“Oh you smile because I call you sweet lady? Awww,” said Jack Sparrow.

“No, I’m smiling because you’re creepy and I don’t know what else to do with my face,” said creeped out Hayley.

“Oh no, no, you smile because you know you’re a sweet lady. It’s true, sweet lady,” said Jack Sparrow.

“Nope. K thanks, bye,” said I, and I walked briskly away.

He was the joke for the rest of the trip. “Sweet lady.”

The young Bedouin men in Petra are known for their charm, and almost any travel guide to Jordan warns women not to fall for their ways. What’s funny is that I know someone from my school here that actually fell for it, and is now living in Petra with some young Bedouin who wooed her with his words.

What’s worse is that not only are the men charming but they teach the young boys there to be the same way.


Arriving at the Treasury, I had a boy come up to me and try to sell me postcards. I smiled and said no thank you.

“Oh lady, you dropped something,” said the boy.

“I did?” I said.

“Yes………your smile,” said the boy as he looked up at me with a cheesy grin.

“Ha. You’re funny, little man, but my smile is always up here,” I said as I pointed to my face.

“Oh hahaha,” said the little boy and continued to shove postcards in my face.


Taking in the magnificent glory of all that is the Treasury, I turned my attention to the large animal sitting next to me.


The last time I had any real interaction with a camel was when I was probably five and at the zoo. I had no idea camels were as freaking tall as they actually are until this thing stood up next to me and towered at least three feet above me. These things are massive, and surprisingly fast……and sassy. There were a few camels who were not too pleased to have overweight women sitting on top of them. I wouldn’t be, either.

Moving on from the treasury, we continued down the trail to more men trying to get us to ride donkeys and to some place whose name escapes me but it looked like this:



Many travel books say you need at least two days to see enough of Petra but we came here with only six hours to see what we could, and by golly it was enough for me.

Just this area above took us an hour and a half to hike through and I was ready to call it a day.


What was interesting about this area was when we got to the very top of the canyon. There were two Bedouin men and a woman just chillin’ there, drinking tea and talking. One of the men started talking to me and it was obvious that he looked very different from regular Jordanian men or even Arabs for that matter.

When one thinks of an Arab man, they usually imagine a light brown-skinned, bearded dude. You wouldn’t imagine that Jordan and elsewhere in the Middle East has Arabs that look like the blackest black guy you’ll ever meet. That’s who we met at the top of the hill, and while I’ve seen many Jordanians similarly dark as him, he was very dark. Jack explained that he was probably a direct descendant of the Nabataeans, a nomadic Arab people originating from the Sinai Peninsula in Africa and migrating into the Negev Desert region before setting up a trading system in Petra. However, little is known about the Nabataeans, so I take his story with a grain of salt.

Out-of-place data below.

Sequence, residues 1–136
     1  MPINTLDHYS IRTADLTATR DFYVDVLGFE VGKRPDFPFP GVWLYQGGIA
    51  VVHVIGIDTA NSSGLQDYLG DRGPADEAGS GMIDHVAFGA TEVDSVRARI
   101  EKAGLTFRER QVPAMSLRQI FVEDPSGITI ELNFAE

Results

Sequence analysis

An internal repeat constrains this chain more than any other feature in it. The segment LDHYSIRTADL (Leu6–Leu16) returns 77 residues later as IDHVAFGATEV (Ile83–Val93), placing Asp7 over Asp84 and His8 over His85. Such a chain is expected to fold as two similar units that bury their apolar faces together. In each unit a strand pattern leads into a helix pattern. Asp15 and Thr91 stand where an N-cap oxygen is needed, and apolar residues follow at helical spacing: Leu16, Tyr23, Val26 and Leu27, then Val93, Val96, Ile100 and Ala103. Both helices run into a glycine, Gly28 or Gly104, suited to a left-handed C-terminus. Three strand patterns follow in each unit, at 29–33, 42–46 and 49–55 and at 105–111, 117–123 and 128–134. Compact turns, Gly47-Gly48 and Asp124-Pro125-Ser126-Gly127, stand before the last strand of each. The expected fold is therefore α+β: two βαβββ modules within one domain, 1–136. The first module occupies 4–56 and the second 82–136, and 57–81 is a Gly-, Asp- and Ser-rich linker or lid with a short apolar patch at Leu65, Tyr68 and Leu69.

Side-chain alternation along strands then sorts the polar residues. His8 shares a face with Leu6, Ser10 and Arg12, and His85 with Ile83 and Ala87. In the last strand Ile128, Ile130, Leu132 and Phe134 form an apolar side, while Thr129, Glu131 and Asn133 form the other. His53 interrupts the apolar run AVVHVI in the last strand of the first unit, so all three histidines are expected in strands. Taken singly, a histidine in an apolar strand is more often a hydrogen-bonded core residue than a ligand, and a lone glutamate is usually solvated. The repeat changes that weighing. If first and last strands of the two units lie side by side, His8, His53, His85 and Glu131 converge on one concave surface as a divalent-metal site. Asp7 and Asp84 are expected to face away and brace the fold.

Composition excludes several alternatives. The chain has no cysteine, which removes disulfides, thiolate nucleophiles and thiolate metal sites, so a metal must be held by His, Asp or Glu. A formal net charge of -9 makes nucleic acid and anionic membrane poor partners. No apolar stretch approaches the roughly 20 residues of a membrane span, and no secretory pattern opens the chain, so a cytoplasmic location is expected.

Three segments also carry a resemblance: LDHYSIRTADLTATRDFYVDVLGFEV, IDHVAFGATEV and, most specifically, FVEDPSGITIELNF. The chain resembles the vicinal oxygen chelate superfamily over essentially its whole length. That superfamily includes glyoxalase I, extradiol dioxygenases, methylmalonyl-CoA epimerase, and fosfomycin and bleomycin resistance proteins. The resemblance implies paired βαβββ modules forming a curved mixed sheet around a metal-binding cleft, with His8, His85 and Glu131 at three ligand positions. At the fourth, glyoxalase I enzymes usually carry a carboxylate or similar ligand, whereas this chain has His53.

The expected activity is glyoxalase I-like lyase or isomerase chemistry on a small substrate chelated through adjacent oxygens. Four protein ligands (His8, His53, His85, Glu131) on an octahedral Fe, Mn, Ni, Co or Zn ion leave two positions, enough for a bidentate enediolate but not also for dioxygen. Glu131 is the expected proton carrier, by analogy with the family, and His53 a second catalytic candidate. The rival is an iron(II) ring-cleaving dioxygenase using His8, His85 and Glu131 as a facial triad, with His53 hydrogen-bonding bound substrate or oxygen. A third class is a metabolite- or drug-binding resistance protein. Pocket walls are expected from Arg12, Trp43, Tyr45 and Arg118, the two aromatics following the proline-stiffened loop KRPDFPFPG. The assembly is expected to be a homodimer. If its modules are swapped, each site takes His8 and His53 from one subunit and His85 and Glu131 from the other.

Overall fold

Coming back down from the Bedouin powwow, we ventured on to the Monastery approximately a two hour walk away.

Here are some of the things we saw on the way:



On our way there, we had many men ask us if we’d like to take a desert Ferrari to the top, as it was about a 45-minute trek from where we were. We politely declined and kept going, although my blood sugar was dangerously low after not eating since five that morning, Luyi has a heart condition and Junior just wanted to sit for a few minutes.

We carried on, though, and finally made it to the Monastery after an hour and a half.


Similar in appearance to the Treasury, the Monastery’s doorway is as big as a two-story house. It is said that it wasn’t actually used for a monastery but most likely for a temple for the Nabataean King from the first century BC. Unfortunately, you aren’t allowed to enter either the Treasury or the Monastery without permission, so it was a bummer in that regard, but still cool to see.

Having a quick rest while Jack climbed up to a view point a couple miles away, Junior, Luyi and I snacked on some cookies and Junior made a kitty friend, while I listened to the Jordanian men behind men act like idiots and then curse at me when I ignored them later on. Apparently I’m not the “sweet lady” they say I am.


Once Jack came down, we had to make our way back so we could grab a quick lunch before our bus back.

Unfortunately, the only way down from the Monastery is the way you came up, so we made the 1+ hour trek back, avoiding all the donkey crap that fills the stairs and the annoying Bedouin ladies trying to sell you things along the way.IMG_4635

We passed the Canadian dude we met on the bus ride to Petra on the way back and kept going until we reached the Treasury, hoping the crowds had died down so Junior could get a photo by himself.

Nope. The later in the day it got, the more people seemed to flood in.

Junior got his photo taken out front and we headed back through the canyon walkway, avoiding camels, Asians and getting run over by chariots (again).


We headed into the city located just outside the archaeological site and grabbed lunch at a nearby restaurant for as cheap as we could get it. I had the worst hummus of my life, boarded the bus and slept for an hour until I woke up to the cute truckload of baby camels outside my window.

We jumped off the bus at Abdali Station, got flocked by taxi drivers, found one that would turn on the meter for us and made our way back to Amman.

I made a quick dinner of Filipino sour soup, collapsed in bed and slept for 14 hours.

We walked 17 kilometers yesterday and I’m still exhausted, but it was well worth it الحمد لله.